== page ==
Adam studied in Birmingham before completing subspecialty training in Paediatric Infectious Disease in London. He received his PhD from the University of Liverpool, where he researched the diagnosis of serious infection in children. He retains an interest in diagnostics, particularly of invasive infections in the immunocompromised child, and in antimicrobials. Following another suboptimal cricketing summer, Adam is joining the University of Queensland in 2018.
Lim Jones currently provides clinical cover for PHW microbiology laboratories in Swansea and Cardiff, including the Specialist Antimicrobial Chemotherapy Unit. His main areas of clinical and academic interest are antimicrobial resistance, susceptibility testing and antimicrobial stewardship. He completed a PhD at Cardiff University on antimicrobial resistance and has published book chapters, reviews and original articles on the topic.
Dr Nick Larbalestier has been the lead clinician at the Guy’s and St. Thomas’ HIV service for the past 14 years. His special interests include HIV in-patient care, HIV / TB co-infection and HIV renal disease and transplantation.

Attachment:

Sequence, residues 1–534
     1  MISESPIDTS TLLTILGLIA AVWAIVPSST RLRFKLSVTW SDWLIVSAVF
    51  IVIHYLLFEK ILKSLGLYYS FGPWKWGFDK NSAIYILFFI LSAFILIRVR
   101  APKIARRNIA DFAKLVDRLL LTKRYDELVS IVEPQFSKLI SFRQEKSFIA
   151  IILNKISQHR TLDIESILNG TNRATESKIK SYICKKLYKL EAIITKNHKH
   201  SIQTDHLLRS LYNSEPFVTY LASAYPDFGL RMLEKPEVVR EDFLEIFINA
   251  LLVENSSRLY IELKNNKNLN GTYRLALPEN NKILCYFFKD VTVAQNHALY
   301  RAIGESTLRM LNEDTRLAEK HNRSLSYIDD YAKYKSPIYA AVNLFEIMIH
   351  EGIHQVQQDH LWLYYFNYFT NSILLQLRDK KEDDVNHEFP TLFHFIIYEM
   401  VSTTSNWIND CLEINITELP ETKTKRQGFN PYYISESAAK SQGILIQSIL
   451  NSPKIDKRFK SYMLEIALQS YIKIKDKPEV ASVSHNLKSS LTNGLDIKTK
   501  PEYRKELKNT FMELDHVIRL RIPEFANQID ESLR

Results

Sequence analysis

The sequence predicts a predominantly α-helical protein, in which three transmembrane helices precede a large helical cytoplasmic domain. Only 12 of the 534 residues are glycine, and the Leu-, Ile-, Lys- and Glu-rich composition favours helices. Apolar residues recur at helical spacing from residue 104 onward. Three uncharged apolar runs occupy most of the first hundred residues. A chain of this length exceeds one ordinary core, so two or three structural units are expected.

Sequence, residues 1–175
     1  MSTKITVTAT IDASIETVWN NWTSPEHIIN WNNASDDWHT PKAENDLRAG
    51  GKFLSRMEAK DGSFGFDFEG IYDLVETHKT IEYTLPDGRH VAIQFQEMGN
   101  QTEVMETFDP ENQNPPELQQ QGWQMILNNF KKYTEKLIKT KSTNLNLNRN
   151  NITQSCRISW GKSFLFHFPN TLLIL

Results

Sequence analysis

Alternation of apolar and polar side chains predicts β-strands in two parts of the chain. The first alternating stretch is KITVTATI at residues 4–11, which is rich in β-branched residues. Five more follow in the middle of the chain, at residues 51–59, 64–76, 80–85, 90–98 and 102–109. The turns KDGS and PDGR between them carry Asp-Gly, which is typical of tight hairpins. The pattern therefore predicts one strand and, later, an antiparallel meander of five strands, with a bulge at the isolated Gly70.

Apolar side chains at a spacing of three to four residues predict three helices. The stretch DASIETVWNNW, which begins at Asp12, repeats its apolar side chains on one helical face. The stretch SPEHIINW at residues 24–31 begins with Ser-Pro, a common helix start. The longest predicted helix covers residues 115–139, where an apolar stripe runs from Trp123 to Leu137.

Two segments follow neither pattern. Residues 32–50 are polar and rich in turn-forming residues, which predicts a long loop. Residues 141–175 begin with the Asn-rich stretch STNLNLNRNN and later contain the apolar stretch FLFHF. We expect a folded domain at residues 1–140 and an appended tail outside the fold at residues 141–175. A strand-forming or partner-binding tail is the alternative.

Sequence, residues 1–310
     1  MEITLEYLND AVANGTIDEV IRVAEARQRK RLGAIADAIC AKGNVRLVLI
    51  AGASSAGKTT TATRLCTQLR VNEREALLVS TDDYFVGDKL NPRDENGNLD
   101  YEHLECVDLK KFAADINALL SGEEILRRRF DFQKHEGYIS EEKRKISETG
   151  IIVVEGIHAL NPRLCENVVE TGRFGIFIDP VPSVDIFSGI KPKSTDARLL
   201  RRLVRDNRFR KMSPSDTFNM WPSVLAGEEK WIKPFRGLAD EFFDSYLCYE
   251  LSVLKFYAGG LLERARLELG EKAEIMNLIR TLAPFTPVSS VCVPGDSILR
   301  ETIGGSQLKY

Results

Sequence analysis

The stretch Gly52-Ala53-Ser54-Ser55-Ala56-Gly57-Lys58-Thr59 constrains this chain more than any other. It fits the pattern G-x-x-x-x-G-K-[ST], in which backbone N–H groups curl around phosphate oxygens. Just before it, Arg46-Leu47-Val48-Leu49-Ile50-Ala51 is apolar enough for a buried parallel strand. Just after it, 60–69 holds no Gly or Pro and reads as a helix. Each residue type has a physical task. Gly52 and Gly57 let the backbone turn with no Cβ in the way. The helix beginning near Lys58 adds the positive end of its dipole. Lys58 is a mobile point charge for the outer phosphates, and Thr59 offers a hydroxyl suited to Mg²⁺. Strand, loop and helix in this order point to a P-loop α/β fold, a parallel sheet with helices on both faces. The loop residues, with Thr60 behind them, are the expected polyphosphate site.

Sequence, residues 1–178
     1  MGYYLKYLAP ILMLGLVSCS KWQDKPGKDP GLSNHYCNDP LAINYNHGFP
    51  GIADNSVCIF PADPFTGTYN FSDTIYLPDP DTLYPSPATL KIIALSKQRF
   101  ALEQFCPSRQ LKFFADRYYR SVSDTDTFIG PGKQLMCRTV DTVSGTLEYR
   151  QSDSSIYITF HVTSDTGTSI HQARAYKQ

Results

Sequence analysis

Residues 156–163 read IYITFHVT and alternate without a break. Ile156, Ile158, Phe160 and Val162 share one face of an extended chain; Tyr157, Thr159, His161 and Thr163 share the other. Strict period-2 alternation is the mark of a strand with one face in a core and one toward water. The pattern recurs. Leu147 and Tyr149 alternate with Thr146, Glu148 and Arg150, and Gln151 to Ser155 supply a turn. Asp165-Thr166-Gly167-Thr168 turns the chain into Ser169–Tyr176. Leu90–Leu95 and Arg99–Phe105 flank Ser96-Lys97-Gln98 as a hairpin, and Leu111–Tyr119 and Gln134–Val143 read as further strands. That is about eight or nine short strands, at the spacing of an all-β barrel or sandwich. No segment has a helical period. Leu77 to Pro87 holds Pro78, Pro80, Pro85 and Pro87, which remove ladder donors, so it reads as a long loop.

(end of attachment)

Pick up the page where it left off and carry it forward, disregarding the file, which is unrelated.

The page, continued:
I have been working as a consultant in York for the past year. Before that I trained in Microbiology and Infectious Diseases in Leeds. During that time I undertook research in to Clostridium difficile transmission and diarrhoea in hospitals. The HOODINI project was part of that work, which I was funded to do by a Healthcare Infection Society Fellowship.
James McIlroy is a final year medical student at the University of Aberdeen and CEO of EnteroBiotix, a biotechnology company that is developing an orally administered encapsulated microbial product for use in Faecal Microbiota Transplantation. Alongside his studies, he has raised over £700k in funding for the company and has established a state of the art GMP-compliant manufacturing facility within the Aberdeen Blood Transfusion Centre. He was awarded an Enterprise Fellowship by the Royal Society of Edinburgh in 2016 and a Visiting Research Fellowship by United European Gastroenterology in 2017.